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Lecture

BUSI2101LectureNotesWeek2.pdf

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Department
Business
Course Code
BUSI 2101
Professor
David Cray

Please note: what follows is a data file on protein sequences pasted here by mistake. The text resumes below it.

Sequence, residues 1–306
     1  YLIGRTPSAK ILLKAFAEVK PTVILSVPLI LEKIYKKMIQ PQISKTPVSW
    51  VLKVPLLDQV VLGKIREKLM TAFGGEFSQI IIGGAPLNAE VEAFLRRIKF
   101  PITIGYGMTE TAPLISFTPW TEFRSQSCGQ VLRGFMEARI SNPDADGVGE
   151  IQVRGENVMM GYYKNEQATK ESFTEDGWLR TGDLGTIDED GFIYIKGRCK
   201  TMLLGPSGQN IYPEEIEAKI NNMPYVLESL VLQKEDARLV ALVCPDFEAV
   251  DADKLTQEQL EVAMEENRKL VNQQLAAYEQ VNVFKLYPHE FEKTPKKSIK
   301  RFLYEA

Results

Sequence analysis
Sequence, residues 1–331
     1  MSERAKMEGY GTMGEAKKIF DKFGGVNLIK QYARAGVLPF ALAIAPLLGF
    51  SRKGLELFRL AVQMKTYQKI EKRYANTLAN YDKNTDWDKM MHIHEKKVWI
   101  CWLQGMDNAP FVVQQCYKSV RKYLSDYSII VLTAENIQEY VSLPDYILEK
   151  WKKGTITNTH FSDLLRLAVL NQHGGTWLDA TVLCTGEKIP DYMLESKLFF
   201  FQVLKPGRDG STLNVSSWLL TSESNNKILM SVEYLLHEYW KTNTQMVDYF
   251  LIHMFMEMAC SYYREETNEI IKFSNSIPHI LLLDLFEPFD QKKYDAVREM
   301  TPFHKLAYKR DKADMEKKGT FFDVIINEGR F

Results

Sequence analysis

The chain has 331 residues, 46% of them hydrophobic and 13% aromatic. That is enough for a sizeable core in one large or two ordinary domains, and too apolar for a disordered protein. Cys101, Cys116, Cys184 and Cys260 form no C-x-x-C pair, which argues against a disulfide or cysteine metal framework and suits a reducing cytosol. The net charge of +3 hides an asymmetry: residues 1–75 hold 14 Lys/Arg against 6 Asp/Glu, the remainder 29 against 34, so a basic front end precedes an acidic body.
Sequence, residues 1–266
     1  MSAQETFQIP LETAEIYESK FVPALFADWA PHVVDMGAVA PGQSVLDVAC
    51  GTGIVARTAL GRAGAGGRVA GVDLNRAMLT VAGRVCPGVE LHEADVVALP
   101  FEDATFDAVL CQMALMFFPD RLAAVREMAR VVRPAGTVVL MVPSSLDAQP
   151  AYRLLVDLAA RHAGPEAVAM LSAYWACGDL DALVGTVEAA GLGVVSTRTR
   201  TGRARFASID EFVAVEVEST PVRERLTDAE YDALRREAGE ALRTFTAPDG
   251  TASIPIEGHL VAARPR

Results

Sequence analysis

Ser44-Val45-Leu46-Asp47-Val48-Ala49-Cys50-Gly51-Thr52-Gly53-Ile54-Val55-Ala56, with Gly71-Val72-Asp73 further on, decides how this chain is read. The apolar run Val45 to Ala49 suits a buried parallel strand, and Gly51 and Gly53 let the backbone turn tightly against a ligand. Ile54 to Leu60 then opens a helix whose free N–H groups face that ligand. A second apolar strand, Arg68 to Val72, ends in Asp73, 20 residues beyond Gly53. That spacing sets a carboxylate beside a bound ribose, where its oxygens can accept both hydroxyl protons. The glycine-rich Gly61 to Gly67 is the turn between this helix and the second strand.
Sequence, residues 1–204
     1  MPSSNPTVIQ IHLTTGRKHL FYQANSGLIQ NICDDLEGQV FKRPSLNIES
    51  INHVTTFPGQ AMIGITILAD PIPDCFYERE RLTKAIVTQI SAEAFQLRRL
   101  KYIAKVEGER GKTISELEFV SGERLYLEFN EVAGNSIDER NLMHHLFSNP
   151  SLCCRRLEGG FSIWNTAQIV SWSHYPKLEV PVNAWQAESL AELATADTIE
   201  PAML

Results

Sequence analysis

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River 2200 ­ 16 Sep 2013 ­ 0835­0955 ­ (Dr. Shibu Pal)   Individual and Organizational Motivation ­  "Motivation is one behavioural aspect that people have been wondering about for a long time.  So the question is, what makes us want to do something.  we have seen under some conditions we put more effort in to doing something and we do not do that for something else, and even if we control the conditions underwhich you may want do so something that doesn't mean under the same conditions he will want to do something.  people are different in their wants." ­  why do we need to know this? ­  as a manager you need to understand how to motivate subordinates ­ we only half­know the answers to these questions, there is still a lot to learn about motivation. ­  many explainations ­ we will scratch the surface today. There are whole courses on motivation ­  some theories 1.  reinforcement theory 2.  Maslow 3.  equity theory 4.  expectancy theory (comprehensive and the prof's favourite) 5.  goal­setting theory 6.  Mccelland 7.  job design reinforcement theory ­  behavior condioning ­ classical conditioning (Pavlov ­ ring a bell, feed the dog) ­  you hear the footsteps of the boss, and you start working. ­ this type of conditioning doesn't work very well on humans ­­ too intellegent ­ operant conditioning (Skinner ­ given an operant (prize) and accociating such a thing with a bahaviour can reinforce the behaviour.) ­ very popular in the 60's expecially in books on child rearing. Do your homework, get candy. ­  Positive reinforcement (Reinforcement): Occurs when a behavior (response) is followed by a stimulus that is appetitive or rewarding, increasing the frequency of that behavior. In the Skinner box experiment, a stimulus such as food or a sugar solution can be delivered when the rat engages in a target behavior, such as pressing a lever. This procedure is usually called simply reinforcement. ­  Negative reinforcement (Escape): Occurs when a behavior (response) is followed by the removal of an aversive stimulus, thereby increasing that behavior's frequency. In the Skinner box experiment, negative reinforcement can be a loud noise continuously sounding inside the rat's cage until it engages in the target behavior, such as pressing a lever, upon which the loud noise is removed. ­  Positive punishment (Punishment) (also called "Punishment by contingent stimulation"): Occurs when a behavior (response) is followed by a stimulus, such as introducing a shock or loud noise, resulting in a decrease in that behavior. Positive punishment is sometimes a confusing term, as it denotes the "addition" of a stimulus or increase in the intensity of a stimulus that is aversive (such as spanking or an electric shock). This procedure is usually called simply punishment. ­  Extinction: Occurs when a behavior (response) that had previously been reinforced is no longer effective. For example, a rat is first given food many times for lever presses. Then, in "extinction", no food is given. Typically the rat continues to press more and more slowly and eventually stops, at which time lever pressing is said to be "extinguished." ­  after awhile, people get tired of punishment. So you should work on Negative Reinforcement and Positive Reinforcement. ­  Operant Conditioning Types ­  continuous ­  intermittent ­ in some conditions intermittent reinforcement works better th
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